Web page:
May 15, 2009

Bitumen Price in India falls

India's inflation rate for the week ended May 2 was less than one percent for the ninth successive week and dropped after four-week rise in April to 0.48% from 0.70% the week before. This was despite increase in prices of food products like pulses, cereals as also fruits and vegetables. It stood at 8.73% for the corresponding week of the preceding year, say data released Thursday by the Ministry of Commerce and Industry.

Going by provisional figures, the wholesale price index or WPI for all- commodities rose by 0.4% to 231.6 from 230.7 for the preceding week.

Inflation, based on the wholesale price index, increased mainly due to the lower prices of raw silk, tobacco, bitumen, aviation fuel, as also some manufactured products covered under all-category groups.

The final estimate of inflation for the week ended March 7 was increased to 0.89% from the earlier provisional figure of 0.44%.

The main index for primary articles rose by 0.4%, due to the higher prices of raw wool, ragi, raw rubber, sunflower, tea, raw cotton, bajra, maize, fruits and vegetables, urad as also copra. However, the prices of raw silk and tobacco declined.

The index representing fuel, power, light and lubricants rose by 0.2% due to higher prices of furnace oil, naphtha and diesel oil, while those of bitumen and aviation turbine fuel dropped.

Source- RTT News

May 11, 2009

PMB - A Saviour for Mumbai Roads

Dutch tech to resist monsoons and traffic, save on maintenance cost
The surface of the Bandra Worli Sea Link will be protected from the effects of the monsoon, a cause of concern for all Mumbai roads, with an imported technology that will make it waterproof.

Polymer Modified Bitumen (PMB), imported from Netherlands, will waterproof the surface and can take high density traffic, though that is not expected on the sea link. “PMB is a relatively new treatment. It will increase elasticity and waterproof the road. Such surfaces are used on runways, which have high tension traffic. These prevent cracks,” said an official.

“PMB has unique physical properties that are used for structural and wearing courses to improve both initial and long-term performance of pavements, providing increased service life and saving maintenance cost. It can overcome the defects of a typical pavement and improve overall performance in extreme climatic conditions and under any kind of traffic conditions,” he added.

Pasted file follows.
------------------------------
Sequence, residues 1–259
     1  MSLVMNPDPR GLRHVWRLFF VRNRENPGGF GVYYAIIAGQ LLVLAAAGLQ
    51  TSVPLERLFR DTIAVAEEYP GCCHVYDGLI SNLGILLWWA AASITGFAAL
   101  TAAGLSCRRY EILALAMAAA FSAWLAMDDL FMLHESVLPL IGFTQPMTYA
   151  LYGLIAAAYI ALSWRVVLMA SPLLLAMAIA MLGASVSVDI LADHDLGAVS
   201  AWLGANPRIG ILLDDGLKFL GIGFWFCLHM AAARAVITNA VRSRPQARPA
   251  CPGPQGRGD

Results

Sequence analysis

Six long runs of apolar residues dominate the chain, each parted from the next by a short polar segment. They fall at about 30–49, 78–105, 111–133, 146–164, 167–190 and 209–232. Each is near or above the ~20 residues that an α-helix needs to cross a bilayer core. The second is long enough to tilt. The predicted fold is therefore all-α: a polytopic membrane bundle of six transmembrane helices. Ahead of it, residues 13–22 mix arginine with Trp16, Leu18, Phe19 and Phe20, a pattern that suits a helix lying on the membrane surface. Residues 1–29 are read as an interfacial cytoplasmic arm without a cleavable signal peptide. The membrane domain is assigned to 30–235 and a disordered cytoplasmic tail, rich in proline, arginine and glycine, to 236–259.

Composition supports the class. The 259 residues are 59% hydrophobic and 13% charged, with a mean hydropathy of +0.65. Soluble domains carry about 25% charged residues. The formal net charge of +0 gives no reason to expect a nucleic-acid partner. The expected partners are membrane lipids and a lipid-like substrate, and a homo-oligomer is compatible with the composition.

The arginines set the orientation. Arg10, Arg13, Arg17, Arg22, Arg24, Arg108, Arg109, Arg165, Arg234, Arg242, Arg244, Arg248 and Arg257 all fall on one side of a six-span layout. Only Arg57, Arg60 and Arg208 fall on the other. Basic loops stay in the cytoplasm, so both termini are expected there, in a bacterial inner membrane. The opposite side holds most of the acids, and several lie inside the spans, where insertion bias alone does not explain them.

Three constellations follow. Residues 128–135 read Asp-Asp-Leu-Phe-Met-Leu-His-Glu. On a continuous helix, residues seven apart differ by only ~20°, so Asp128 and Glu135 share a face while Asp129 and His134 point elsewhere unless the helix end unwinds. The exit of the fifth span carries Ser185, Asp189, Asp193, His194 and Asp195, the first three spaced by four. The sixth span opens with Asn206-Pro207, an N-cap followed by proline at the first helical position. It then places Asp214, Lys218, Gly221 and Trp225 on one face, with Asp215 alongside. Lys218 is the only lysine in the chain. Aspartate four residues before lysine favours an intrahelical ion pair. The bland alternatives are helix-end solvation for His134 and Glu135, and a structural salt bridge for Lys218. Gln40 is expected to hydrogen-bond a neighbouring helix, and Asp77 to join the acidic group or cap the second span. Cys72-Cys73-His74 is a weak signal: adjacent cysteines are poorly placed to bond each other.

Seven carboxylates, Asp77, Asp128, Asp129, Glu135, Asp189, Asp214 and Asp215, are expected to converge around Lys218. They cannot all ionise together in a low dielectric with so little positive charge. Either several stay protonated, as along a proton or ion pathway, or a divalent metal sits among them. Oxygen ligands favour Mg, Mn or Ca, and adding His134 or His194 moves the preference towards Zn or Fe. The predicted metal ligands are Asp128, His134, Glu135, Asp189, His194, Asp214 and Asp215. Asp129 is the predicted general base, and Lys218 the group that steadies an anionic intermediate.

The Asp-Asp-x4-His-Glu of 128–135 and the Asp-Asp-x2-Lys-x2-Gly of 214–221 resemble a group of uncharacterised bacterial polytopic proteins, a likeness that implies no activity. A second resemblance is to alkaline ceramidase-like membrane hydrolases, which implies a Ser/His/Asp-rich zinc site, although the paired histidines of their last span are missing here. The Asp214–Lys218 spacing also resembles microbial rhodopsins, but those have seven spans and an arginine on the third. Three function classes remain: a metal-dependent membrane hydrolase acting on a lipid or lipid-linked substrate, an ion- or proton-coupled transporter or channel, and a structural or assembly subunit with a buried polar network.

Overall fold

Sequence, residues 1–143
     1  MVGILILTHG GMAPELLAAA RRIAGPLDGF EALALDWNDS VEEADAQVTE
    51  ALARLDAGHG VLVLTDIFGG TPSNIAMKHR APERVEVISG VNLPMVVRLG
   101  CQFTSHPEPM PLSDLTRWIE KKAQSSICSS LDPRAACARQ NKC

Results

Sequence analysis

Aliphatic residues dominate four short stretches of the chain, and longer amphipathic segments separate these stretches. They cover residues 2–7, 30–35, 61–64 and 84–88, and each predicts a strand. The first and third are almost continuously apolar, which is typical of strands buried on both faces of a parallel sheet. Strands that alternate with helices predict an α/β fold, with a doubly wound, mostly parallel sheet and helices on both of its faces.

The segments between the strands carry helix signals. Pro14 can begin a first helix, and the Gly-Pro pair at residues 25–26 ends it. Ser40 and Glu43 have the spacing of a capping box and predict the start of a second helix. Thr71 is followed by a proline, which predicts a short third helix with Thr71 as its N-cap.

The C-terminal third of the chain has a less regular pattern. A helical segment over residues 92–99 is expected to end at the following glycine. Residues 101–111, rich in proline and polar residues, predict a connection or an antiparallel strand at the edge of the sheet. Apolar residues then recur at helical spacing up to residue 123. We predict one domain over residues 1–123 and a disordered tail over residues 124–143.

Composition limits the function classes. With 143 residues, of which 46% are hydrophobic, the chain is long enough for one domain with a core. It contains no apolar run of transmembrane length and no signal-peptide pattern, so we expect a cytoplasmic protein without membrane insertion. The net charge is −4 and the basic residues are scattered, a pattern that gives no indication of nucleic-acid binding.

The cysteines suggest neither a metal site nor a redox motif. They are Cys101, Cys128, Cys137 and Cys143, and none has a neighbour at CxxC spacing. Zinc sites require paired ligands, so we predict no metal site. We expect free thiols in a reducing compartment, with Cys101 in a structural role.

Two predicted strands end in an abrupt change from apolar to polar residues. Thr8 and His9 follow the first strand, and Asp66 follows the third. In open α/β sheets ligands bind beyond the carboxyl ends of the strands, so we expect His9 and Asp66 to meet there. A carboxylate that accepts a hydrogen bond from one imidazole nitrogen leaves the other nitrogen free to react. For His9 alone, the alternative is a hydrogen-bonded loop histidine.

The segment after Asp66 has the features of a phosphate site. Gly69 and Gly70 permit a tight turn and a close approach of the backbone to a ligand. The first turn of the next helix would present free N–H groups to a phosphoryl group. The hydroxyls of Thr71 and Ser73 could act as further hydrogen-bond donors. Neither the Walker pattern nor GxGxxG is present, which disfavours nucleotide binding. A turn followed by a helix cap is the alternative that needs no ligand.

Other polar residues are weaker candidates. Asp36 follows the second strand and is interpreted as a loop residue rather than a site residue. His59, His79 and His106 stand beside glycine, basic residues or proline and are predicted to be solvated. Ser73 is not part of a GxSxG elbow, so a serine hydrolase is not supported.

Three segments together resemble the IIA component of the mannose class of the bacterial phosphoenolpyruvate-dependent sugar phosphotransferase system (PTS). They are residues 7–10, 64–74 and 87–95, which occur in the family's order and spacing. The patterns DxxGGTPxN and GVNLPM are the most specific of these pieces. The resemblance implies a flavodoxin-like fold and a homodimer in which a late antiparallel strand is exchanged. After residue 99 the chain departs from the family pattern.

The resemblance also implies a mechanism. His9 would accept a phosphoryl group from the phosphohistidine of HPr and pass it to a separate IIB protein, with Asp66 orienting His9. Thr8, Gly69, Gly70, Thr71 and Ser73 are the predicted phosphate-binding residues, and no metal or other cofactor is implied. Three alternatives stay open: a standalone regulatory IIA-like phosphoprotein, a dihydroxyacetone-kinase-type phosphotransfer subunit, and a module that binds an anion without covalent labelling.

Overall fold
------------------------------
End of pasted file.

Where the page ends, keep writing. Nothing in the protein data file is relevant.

The high-tensile technology was not in the scope of work for the contractor. Thus its inclusion would raise the cost of the sea link, which has already faced severe cost escalations due to delays.

“The regular concrete surface would have developed cracks after a certain period. And in the monsoons, the cracks could have developed into potholes, had this technology not been suggested and approved,” the official added. Sources said the total cost for laying of the wearing course would be nearly Rs 14 crore. The bridge deck and approaches will need be covered with a layer of 125,000 sq metres.

The bridge will be connected end-to-end within a week, with just a span between two pillars on the Worli end left to be placed. The electrification of the 5.6-km sea link connecting the suburbs to south Mumbai has begun and is expected to be completed by mid-May. The state government, however, is yet to declare when the much awaited iconic structure would be open to traffic.

Source- Express India

May 8, 2009

Plastic Roads

Though a belated move, experiment with using plastic waste in road construction, as one of the solutions to plastic waste disposal has finally begun in West Bengal. Such experiments are already underway in Tamil Nadu, Karnataka and Maharashtra.

Leading the initiative is Indian Plastic Federation (IPF) which for sometime has been eying suitable partners to undertake the experiment. Of late, it has been successful in convincing the Kalyani municipality to launch a pilot project in using plastic litter in road construction.

Under the joint initiative, the project will be executed by Kalyani municipality with technology support from IPF. The West Bengal Pollution Control Board (WBPCB) has been also been roped in as an associate.

For starters, a 1 km road within the Kalyani municipality area will be laid using polymer blended bitumen. One of the unique features of the project is that waste laminated plastic bags/ pouches, largely used for food packaging, would be used for the first time in road construction. Used plastics in shredded form will be procured by the municipality from a private plastic goods recycling unit.